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Abravanel, Don Isaac
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Ochs, Adolph
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Salk, Jonas
Salomon, Haym
Santangel, Luis de
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Medal by Paul Vincze (1973), Haym Salomon, Patriot.

Haym Salomon (1740-1785)

In the early 1770s, at the time of the partition of Poland, Haym Salomon left his family and arrived in New York on the eve of the Revolution. His command of German made him welcome to the Hessian forces, which he served as a supplier of goods. When the British suspected him of spying, Salomon was arrested and confined to prison for a time.

Salomon's command of several languages enabled him to serve as a broker to the French officials in Philadelphia. In the diary of Robert Morris, Superintendent of Finance for the new American government, Salomon's name appears frequently in the period 1781-84. Morris wrote: "This broker has been useful to the public interests ..." Salomon prospered and was able to be financially helpful to a number of public figures, such as Alexander Hamilton and James Madison. In 1782, Madison acknowledged the "kindness of our little friend in Front Street, whose assistance will preserve me from extremities but I never resort to it without great mortification as he obstinately rejects all recompense."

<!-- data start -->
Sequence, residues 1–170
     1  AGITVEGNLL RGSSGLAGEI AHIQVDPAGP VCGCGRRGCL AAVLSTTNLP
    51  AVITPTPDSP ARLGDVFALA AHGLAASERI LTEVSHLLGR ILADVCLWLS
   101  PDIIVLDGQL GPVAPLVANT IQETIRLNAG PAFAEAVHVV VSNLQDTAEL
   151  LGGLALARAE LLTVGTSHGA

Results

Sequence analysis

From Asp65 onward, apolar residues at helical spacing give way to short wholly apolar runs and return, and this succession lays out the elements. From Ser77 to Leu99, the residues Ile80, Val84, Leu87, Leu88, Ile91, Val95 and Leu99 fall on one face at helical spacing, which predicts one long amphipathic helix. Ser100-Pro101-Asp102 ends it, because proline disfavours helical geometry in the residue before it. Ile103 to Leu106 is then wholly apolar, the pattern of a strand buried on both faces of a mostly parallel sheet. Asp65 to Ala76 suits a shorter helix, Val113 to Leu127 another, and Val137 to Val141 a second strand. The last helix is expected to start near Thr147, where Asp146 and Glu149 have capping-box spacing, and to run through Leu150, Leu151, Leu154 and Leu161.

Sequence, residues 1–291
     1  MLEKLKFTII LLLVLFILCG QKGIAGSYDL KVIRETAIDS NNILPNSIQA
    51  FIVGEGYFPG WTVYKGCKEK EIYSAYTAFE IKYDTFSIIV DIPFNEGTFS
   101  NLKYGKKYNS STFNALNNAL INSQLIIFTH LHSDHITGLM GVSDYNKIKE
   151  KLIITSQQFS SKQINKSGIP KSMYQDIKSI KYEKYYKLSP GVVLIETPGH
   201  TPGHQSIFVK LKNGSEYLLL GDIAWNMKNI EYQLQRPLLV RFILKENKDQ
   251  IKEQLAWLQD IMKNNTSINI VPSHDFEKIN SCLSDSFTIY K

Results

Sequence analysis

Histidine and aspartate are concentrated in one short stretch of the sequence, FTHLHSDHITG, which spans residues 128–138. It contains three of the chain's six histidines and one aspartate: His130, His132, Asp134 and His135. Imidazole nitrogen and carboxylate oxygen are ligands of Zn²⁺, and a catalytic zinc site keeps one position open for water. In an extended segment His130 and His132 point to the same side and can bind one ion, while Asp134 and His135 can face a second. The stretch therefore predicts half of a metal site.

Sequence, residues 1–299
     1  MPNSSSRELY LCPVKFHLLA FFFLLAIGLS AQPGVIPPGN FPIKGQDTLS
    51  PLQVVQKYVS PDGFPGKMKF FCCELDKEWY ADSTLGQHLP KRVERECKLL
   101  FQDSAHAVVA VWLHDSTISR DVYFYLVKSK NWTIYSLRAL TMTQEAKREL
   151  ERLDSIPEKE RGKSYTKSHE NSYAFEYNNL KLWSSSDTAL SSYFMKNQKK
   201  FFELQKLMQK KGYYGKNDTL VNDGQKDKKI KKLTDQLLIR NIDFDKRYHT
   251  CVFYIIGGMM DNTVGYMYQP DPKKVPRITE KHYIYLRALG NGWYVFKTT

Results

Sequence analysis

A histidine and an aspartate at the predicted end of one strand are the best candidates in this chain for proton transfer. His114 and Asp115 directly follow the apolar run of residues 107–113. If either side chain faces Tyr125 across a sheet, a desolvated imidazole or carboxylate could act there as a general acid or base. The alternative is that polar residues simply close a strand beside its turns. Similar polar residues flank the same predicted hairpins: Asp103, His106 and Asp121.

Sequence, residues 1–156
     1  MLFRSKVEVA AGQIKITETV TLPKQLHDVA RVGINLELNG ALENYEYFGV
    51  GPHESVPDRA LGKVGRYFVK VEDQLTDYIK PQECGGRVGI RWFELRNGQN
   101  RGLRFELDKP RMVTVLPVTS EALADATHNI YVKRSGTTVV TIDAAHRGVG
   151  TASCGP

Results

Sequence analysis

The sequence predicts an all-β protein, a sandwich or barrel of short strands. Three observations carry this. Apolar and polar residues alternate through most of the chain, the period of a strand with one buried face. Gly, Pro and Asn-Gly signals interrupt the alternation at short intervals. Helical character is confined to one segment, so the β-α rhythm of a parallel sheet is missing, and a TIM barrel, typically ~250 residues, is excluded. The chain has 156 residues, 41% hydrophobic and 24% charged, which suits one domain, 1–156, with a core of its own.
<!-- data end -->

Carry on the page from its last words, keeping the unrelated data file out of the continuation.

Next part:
When Haym Salomon died prematurely in January 1785, he held $353,000, largely in depreciated certificates of indebtedness and continental currency ... all virtually worthless. The Pennsylvania Packet wrote "He was remarkable for his skill and integrity in his profession and for his generous and humane deportment."

Jewish Affairs

Haym Salomon was actively involved in Jewish community affairs. He was a member of Mikveh Israel Congregation in Philadelphia, and made the largest single contribution to the erection of its first building in 1782. The following year, Salomon joined with other prominent Jews in an address to the Pennsylvania Council of Censors urging them to remove the religious test oath required for office-holding under the State Constitution. And in 1784, he answered a personal slander in the press by proclaiming boldly: "I am a Jew; it is my own nation ... I do not despair ... that we shall obtain every other privilege that we aspire to enjoy along with our fellow-citizens."
(Extracted from a paper by Dr. Samuel Rezneck, Professor Emeritus of History, Rensselaer Polytechnic Institute)

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